Being an expat mum in the Czech Republic can be a struggle
There are around half a million foreigners living in the Czech Republic today, and although raw statistics about how many of them speak Czech are hard to find, it is a commonly-held truth among Czechs and expats alike that most foreigners, particularly those who have a non-Slavic mother tongue and especially those who live in the capital, do not make much headway with the Czech language, if they even try at all. Many live for years or even decades without being able to do much more than order in a restaurant. This has all kinds of consequences for the integration (or lack thereof) of foreigners into Czech life and society, but perhaps nowhere is this felt more keenly than with expat women who have children in the Czech Republic.
The problems start early. “The hardest part was dealing with everything in the hospital, because we had no idea how the system works,” says Marijke, a Dutch mother of a ten-month-old. “You don’t know the language and most hospitals don’t provide information in English, so you’re just googling and using google translate on the go. It was hard and I was very anxious about having the baby here because you don’t know if the nurses or the doctors are going to speak English. You don’t know if you’ll have a private room or if you have to share it, and if you have to share it, whether the other mums will speak English or not.”
Since 2009 the Czech government has mandated that foreigners have to prove their knowledge of the Czech language in order to get permanent residence. However, this rule does not apply to EU citizens. Furthermore, the level of Czech that foreigners are required to prove corresponds only to level A1 in the Common European Framework of Reference, which is enough to order in restaurants and give some basic information about yourself, but certainly not enough to participate in your child’s education and healthcare.
Some mothers who have taken the time and trouble to learn Czech realize that their efforts are woefully inadequate when it comes time to send their children to school. Suzy, from the UK, has a seven-year-old who she is raising in the Czech Republic with a Czech partner, and after many years of not speaking any Czech at all, took a year-long intensive course and learnt Czech to B1 level – the level required by the Czech government not only for permanent residence, but for citizenship. She was keen to send her child to a Czech school but found that even her level of Czech was not sufficient to be able to get involved with her son’s education.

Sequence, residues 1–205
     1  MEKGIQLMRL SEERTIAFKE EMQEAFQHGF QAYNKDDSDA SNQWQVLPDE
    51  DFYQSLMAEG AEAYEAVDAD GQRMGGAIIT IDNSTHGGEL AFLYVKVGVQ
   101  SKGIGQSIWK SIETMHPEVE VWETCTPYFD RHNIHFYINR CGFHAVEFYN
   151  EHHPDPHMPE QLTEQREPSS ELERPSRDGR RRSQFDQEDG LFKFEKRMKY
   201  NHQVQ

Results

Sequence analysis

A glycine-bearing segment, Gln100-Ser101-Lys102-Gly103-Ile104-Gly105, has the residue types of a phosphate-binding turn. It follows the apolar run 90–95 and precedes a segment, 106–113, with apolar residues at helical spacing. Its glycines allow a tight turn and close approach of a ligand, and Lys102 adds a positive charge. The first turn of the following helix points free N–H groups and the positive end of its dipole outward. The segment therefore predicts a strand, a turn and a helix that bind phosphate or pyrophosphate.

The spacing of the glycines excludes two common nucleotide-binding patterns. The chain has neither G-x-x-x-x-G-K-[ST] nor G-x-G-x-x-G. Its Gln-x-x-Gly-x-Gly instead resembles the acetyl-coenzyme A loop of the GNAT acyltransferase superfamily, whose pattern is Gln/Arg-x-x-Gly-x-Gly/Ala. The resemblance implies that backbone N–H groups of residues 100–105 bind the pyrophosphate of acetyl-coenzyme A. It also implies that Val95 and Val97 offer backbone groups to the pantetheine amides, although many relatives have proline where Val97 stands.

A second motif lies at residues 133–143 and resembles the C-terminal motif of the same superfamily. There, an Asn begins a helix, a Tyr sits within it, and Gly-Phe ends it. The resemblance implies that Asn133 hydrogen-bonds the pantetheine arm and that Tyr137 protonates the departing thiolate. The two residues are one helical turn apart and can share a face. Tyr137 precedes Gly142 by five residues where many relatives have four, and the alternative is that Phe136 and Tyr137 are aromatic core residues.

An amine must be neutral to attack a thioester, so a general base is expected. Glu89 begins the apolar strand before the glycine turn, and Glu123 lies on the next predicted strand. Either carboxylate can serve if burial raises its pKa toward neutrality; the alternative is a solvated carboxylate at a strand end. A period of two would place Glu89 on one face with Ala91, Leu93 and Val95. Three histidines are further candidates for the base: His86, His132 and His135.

“All the information from the school comes through a web app, it’s all in Czech and it’s hard to translate it, so I have to rely on my husband to get information. All communication with the school goes through my husband. It’s hard not being in control. Sometimes I write to the teacher in English because I know she can speak English, but she doesn’t like to, so she’ll reply in Czech to my husband. I can’t go to Parents’ Evening because it’s all in Czech. There’s no allowance for me that she’ll speak to us in English. Homework is really hard because it all comes in Czech. It was even more difficult during the pandemic because then it was all home-schooling.”
The problems aren’t only limited to communicating with the school and helping with homework, Suzy says. “I also find it really hard integrating with the other parents - they’re not particularly keen. It’s really hard for me not being able to build relationships because I’m a social person. If I was at home I’d know all the parents. I’d be involved more, I’d know more. I often find that everyone knows things that I don’t, which is not who I am, but this situation has made that happen for me.”
However, there are some success stories out there of mothers who learnt Czech to a high level, even when their native language wasn’t Slavic. Tonya Graves, a multi-genre singer from the US and a mother of two boys who has lived in the Czech Republic since 1995, speaks Czech to an impressive level, and even does stand-up comedy in Czech. “I have to stay here, I have two Czech kids!” Graves says in an illuminating and hilarious interview with Czech talk show host Honza Dědek.
Anna Fodor is a British writer with Czech and Slovak roots, who found her way to Prague at the age of 22. She is a graduate of English Language and Literature from the University of Leeds and has an MA in Linguistics from University College London. She likes to write about Czech life and society from the perspective of somebody on the periphery.